The group of five walked a long distance with me stalking. The trees became more sparse. I could hear a distant hum like machinery or ground vehicles. We approached a large city – I realized this remarkable city remained concealed from the universe. For fear of discovery, I couldn’t enter the city. I watched as they prepared to enter via a roadway. Then an odd thing, they removed the sun suits and dawned civilian clothing. What was going on? The little path long gone. The group hid their suits and entered the city. I wasn’t sure what to do next. How did the city inhabitants look and dress? How could I camouflage or disguise myself?
I sat behind a tree watching and waiting. A man staggered out and began urinating on a wall. Luck was on my side. I approached behind him and knocked his head against the wall. He went unconscious. I traded clothes and entered the city. The clothes were ill fitting and the owner low in station. But no one noticed me as I milled among people in the street. I wonder if it’ll get dark? I thought. They must simulate night and day. But I hadn’t noticed any change in light since my arrival. My question was answered. The city went pitch black. It was as if someone flipped a switch. There was no gentle dimming as a natural sunset. No gradual change in coloration. One moment bright white. Next second, darkness. Unnerving. But no one paid attention to this abrupt change – a common daily occurrence.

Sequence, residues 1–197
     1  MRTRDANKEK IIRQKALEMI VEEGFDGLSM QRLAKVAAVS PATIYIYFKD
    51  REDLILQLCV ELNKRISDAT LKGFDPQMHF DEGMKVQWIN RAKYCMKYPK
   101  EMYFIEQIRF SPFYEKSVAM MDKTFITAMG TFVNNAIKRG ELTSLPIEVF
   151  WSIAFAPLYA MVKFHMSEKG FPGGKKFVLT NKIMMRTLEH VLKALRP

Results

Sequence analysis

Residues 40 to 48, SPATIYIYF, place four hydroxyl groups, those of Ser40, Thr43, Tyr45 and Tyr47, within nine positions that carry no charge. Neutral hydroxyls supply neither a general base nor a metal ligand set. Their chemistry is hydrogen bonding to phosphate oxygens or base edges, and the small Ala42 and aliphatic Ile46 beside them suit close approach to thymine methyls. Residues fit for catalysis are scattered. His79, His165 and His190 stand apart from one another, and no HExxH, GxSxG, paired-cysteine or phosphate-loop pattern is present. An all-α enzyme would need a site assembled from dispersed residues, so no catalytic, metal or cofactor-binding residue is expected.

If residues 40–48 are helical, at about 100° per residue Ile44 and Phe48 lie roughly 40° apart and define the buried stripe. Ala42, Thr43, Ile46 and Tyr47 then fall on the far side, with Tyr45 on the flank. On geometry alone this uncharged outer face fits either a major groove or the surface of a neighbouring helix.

Small artificial lights twinkled in windows and open doorways. No open flames from candles. No illumination on the streets or walls. Rationed energy like precious water on the surface. Darkness was my advantage, I could explore in stealth.
Buildings were rough masonry brick. No wooden components. Not even for window or door frames. Roofs were dark tiles. Windows were glassless and unshuttered. Open air passed in freely. There was no glass or metal doors. They must not have bad weather or extreme temperature changes, I thought. Forever mild and temperate. A storm-less tropical island inside a sea of planetary rock. Houses were plain but businesses were painted natural color pigments.
There must be no crime or violence, I thought, anyone can enter any building or room at anytime. Could such a society be so completely safe? How did Cahira fit in this peaceful community? The warrior woman. Wasn’t she from off planet? Was she even military? Why her secret entry to the city?
I followed the sound of music. Not recorded music but real musicians playing in harmony. Voices singing an old Earth tune. Were these lost colonists? I recognized the rhythm. It took me back to happier times. Good memories. The lights unexpectedly switched to bright again. I heard a commotion outside the city. The unconscious man! He was discovered. An alarm sounded.
I was soon surrounded by angry people grabbing and holding me. Pushing me to the ground and dragging me through the street. I was captured.
They held me in an interrogation room. The chairs, the light, the table, the bars on the open window. It was plain I’d soon be questioned. They weren’t happy with my hurting a citizen and stealing his clothes. Bad actions weren’t tolerated. At least, I understood the words they spoke. They hadn’t lost their language to gradual corruption. That meant the existence of a library and books somewhere. Maybe even schools and children. Intelligence. Where there are books – there is recorded history. I wish I could read them. Perhaps those books even spoke of mercy. I prayed there would be mercy.